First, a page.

Solutions to Worksheet for Sections 2.6 and 2.

7 Tangents, Velocity, and the Derivative
Math 1a October 12, 2007
1. Let f (x) = x3 . Use the deﬁnition of the derivative to ﬁnd f (2).

Solution. We have f (2) = lim (2 + h)3 − 23 h→0 h3 (8 + 12h + 6h2 + h3 ) − 23 = lim h→0 h3 2 12h + 6h + h3 = lim h→0 h3 = lim 12 + 6h2 + h3 = 12.
h→0

2.

Let f (x) =

x.

(a) Use the deﬁnition of the derivative to ﬁnd f (4). Solution. We have √ √ √ f (x) − f (4) x−2 x−2 x+2 = = ·√ x−4 x−4 x−4 x+2 (x − 4) √ = (x − 4) ( x + 2) 1 = √ ( x + 2) as x → 4, this expression goes to f (4) = 1/4. (b) Find f (x) and give its domain. 1 Solution. Do the same algebra with 4 above replaced by a, and you get f (a) = √ . In other 2 a 1 words, f (x) = √ for all x. This assumes that x > 0 otherwise the limit does not exist. 2 x

(c) Is f diﬀerentiable at zero? Use a graph to illustrate why or why not.

Solution. Graphically, we can see that the tangent line to f at zero is vertical. Analytically, we can see that the diﬀerence quotient at zero is √ f (h) − f (0) h 1 = =√ h h h which, as h → 0+ has no limit (the limit is ∞). This doesn’t even get into the fact that f is not deﬁned for x < 0, and we usually require a limit from both sides before a function can be diﬀerentiable. Here’s a useful fact: for any numbers A and B: A3 − B 3 = (A − B)(A2 + AB + B 2 ) 3. Let f (x) = √ 3 x = x1/3 . Use the deﬁnition of the derivative to ﬁnd f (x) and give its domain.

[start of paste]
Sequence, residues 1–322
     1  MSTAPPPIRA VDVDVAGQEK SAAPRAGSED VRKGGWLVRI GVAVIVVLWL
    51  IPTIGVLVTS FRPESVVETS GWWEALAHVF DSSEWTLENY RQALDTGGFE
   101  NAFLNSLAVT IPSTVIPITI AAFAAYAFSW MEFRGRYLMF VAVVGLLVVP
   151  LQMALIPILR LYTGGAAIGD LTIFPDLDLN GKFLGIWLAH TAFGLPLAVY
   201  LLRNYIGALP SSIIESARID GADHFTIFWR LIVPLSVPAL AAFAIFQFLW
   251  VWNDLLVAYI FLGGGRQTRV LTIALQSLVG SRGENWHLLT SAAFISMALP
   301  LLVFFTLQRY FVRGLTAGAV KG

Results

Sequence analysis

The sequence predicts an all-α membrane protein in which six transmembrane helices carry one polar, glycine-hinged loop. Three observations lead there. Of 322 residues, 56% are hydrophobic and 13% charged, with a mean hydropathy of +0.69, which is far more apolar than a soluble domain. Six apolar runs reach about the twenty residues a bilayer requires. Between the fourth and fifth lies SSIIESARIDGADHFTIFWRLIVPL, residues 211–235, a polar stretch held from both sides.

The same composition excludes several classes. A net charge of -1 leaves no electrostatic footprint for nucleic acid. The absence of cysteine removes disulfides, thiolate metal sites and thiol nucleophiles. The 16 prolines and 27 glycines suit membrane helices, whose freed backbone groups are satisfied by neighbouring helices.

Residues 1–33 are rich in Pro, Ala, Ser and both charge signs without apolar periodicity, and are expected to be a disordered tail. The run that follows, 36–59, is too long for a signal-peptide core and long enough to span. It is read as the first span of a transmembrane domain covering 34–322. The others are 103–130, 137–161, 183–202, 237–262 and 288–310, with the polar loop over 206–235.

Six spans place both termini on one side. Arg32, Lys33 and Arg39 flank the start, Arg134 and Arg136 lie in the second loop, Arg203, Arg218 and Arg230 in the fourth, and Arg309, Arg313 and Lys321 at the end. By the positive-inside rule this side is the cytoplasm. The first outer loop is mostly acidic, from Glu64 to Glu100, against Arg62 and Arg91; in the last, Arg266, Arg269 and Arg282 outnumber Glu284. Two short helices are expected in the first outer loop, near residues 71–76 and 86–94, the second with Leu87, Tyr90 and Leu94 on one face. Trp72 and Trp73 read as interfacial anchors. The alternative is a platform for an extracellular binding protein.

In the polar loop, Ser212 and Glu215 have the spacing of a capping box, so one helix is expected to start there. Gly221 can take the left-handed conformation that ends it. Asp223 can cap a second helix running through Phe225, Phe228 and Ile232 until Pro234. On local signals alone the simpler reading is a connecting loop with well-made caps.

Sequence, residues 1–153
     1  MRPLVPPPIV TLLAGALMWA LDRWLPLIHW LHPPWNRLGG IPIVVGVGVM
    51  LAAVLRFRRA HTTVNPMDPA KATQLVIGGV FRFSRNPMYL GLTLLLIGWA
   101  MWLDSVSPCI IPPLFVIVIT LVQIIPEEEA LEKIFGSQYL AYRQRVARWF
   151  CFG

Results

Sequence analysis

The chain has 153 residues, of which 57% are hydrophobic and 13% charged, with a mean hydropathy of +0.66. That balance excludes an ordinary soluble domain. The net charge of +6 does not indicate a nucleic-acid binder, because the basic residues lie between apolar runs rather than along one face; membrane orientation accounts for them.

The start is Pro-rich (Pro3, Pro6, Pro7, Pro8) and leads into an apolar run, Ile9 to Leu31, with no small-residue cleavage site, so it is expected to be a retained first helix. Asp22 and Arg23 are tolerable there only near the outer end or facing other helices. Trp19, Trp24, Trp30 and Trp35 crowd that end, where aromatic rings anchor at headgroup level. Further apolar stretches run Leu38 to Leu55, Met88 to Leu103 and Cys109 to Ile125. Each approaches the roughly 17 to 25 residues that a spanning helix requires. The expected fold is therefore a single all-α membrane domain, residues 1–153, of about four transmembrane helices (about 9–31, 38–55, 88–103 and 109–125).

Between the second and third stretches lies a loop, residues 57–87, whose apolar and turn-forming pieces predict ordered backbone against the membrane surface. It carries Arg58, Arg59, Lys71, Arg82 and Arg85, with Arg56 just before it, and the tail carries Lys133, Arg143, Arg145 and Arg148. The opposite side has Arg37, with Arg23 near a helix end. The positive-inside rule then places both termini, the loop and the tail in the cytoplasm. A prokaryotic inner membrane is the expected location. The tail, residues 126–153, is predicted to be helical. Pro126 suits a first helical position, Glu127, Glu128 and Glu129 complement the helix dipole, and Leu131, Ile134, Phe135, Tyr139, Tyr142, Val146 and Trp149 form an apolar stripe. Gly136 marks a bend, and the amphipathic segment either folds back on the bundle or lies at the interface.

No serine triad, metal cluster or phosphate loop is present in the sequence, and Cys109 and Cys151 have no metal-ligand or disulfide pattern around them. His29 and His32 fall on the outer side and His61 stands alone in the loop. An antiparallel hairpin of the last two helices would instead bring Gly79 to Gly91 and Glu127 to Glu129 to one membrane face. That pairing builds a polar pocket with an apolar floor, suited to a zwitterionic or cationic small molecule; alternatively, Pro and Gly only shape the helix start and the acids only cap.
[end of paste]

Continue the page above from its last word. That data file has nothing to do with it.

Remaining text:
Solution. The diﬀerence quotient for f (a) is x1/3 − a1/3 x1/3 + x1/3 a1/3 + a2/3 x a − · 1/3 = 1/3 a1/3 + a2/3  a) x2/3 + x1/3 a1/3 + a2/3 x−a x +x (− x as x → a this tends to f (a) = 4. Repeat with f (x) = x2/3 . 1 1 . So f (x) = x−1/3 for all x > 0. 3 3a1/3

Solution. The diﬀerence quotient for f (a) is x1/3 − a1/3 x1/3 + a1/3 x1/3 + a1/3 x2/3 − a2/3 2a1/3 = = 2/3 → 2/3 1/3 a1/3 + a2/3 x−a x−a x +x 3a as x → a. So f (a) = 2 −1/3 2 a , or f (x) = x−1/3 for all x > 0. 3 3

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